Said (top right) discusses the findings of the recent AWARD poll.The Arab World for Research and Development (AWRAD), an independent Palestinian public opinion research firm and long-time partner of IRI, recently hosted a roundtable to highlight the results of its latest poll: After Egypt: Democracy, Elections and Negotiations in Palestine, conducted March 5-7, 2011. 

The release coincided with mounting public demand for national reconciliation and a numerous youth-led unity demonstrations throughout the West Bank and Gaza.  The AWRAD roundtable was an opportunity to elevate the national discourse by providing a platform for local and international stakeholders to discuss the ramifications of regional uprisings on Palestinian politics.

Throughout the roundtable, participants debated the results of the latest AWRAD poll within the context of historical trends.  In an overview of public opinion since 1991, Dr. Nader Said, President of AWRAD, argued that the current dynamic of Palestinian politics is not as conducive to the political reform taking place in other Arab countries.  Starting with the euphoric Oslo era, Said traced public opinion through several distinct phases, from the establishment of the Palestinian Authority (PA) and its period of energetic institution-building to the downward spiral of disillusionment that cumulated with Hamas’s stunning 2006 electoral victory.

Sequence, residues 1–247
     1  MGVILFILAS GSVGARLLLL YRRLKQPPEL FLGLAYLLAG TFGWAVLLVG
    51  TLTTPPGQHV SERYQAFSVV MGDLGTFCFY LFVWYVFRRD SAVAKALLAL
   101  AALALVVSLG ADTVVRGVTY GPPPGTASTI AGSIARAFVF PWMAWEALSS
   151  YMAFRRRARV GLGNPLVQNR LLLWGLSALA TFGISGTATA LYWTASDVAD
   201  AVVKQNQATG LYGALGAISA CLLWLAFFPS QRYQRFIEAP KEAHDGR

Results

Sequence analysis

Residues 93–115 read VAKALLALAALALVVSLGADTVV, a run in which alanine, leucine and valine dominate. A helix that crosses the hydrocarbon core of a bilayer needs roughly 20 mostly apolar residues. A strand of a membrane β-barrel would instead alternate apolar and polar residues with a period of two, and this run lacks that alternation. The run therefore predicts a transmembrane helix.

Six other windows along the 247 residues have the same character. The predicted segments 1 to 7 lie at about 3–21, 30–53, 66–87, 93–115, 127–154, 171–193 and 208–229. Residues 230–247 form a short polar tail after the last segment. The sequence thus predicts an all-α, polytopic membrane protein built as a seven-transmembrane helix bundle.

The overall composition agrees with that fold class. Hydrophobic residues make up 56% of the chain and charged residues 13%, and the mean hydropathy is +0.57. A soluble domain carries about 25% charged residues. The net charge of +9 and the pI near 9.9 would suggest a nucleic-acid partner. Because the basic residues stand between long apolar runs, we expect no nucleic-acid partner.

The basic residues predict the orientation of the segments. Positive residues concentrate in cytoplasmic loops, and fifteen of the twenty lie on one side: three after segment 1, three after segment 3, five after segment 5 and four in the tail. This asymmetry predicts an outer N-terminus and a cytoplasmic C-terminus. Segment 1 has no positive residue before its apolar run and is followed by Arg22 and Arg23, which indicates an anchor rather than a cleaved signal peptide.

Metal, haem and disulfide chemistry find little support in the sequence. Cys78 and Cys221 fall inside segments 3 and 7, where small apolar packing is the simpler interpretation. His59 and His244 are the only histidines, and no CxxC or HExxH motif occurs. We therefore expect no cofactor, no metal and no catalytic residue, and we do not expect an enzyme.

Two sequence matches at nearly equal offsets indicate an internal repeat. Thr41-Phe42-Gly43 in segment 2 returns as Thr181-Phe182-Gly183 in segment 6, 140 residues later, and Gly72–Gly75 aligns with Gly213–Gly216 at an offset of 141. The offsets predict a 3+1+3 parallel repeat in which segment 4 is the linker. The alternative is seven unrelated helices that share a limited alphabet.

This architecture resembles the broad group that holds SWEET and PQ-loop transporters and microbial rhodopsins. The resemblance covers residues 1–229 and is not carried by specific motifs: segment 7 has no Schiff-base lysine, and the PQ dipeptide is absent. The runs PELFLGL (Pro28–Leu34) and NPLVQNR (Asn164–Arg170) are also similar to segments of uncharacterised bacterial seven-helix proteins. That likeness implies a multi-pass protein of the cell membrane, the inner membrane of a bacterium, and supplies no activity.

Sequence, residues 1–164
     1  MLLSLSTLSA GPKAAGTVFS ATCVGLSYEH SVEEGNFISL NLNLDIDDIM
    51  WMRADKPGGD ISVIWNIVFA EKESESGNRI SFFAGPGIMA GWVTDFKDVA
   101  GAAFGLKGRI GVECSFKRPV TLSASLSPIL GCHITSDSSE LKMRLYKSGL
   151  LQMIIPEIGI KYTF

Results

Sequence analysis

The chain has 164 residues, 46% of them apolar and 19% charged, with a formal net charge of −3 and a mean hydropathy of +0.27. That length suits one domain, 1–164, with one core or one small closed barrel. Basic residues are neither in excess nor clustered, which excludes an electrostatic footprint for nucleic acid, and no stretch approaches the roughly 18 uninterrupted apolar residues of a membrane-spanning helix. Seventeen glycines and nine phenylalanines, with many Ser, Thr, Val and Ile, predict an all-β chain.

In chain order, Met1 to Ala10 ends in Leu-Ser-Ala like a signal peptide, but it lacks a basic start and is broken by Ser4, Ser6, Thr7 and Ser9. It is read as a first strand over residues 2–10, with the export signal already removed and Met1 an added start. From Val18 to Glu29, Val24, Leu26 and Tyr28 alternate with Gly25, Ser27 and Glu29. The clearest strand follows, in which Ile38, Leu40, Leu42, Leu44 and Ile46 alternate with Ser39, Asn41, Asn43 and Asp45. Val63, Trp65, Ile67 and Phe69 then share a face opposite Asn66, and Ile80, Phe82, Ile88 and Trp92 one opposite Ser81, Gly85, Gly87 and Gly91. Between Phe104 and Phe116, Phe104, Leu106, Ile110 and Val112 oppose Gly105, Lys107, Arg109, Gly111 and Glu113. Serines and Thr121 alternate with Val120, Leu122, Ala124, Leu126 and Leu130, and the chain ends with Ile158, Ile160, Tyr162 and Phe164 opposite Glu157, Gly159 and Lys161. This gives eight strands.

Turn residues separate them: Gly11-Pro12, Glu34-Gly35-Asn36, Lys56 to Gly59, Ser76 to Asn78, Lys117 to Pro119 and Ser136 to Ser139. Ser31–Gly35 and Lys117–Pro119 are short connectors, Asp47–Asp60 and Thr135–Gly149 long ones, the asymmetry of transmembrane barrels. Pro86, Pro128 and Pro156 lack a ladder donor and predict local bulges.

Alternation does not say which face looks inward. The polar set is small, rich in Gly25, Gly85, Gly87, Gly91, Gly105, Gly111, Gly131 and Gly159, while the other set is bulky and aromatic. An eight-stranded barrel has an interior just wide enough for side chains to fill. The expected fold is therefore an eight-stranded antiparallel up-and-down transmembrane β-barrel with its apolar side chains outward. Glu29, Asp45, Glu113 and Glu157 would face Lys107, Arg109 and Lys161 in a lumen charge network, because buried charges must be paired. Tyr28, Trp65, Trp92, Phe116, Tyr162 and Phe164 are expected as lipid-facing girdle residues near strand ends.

Said cited the election of Hamas as the beginning of a new trend cycle.  After enjoying a surge in popularity following the elections, Hamas’s poorly performing government and oppressive security services opened the door for a newly resurgent PA, led by the charismatic Prime Minster Salam Fayyad.  Today however, AWRAD polling shows a high level of disappointment with both Fatah and Hamas.  In both regions, constituents are deeply resentful of the ongoing internal split that has held political development and the peace process hostage for more than five years.

Participants in the AWRAD roundtable discussed how the schism has produced another shift in the Palestinian political landscape.  As approval for the governments in Gaza and Ramallah have sunk to the low 30 percent range, a broad array of independent parties have begun to challenge the historical domination of Fatah and Hamas.

Support for democratic political parties has been a pillar of IRI programming in the West Bank/Gaza since 1993.  Roundtable participants debated the challenges facing a Third Way movement, pointing to AWRAD data that indicates independent voters are a nebulous bloc.  Indeed, the latest poll reveals no discernable pattern in attitudes based on age, gender, education or geography, making it difficult for independent leaders to build support among a targeted group. 

As Said noted, the Palestinian political landscape is another obstacle for independent parties. Amid a politically polarized population and a crowded agenda dominated by the conflict with Israel, independents struggle to gain traction.  In order to induce sufficient momentum for change, Said said, independent parties must come together, lest they become but another passing trend in Palestinian politics.

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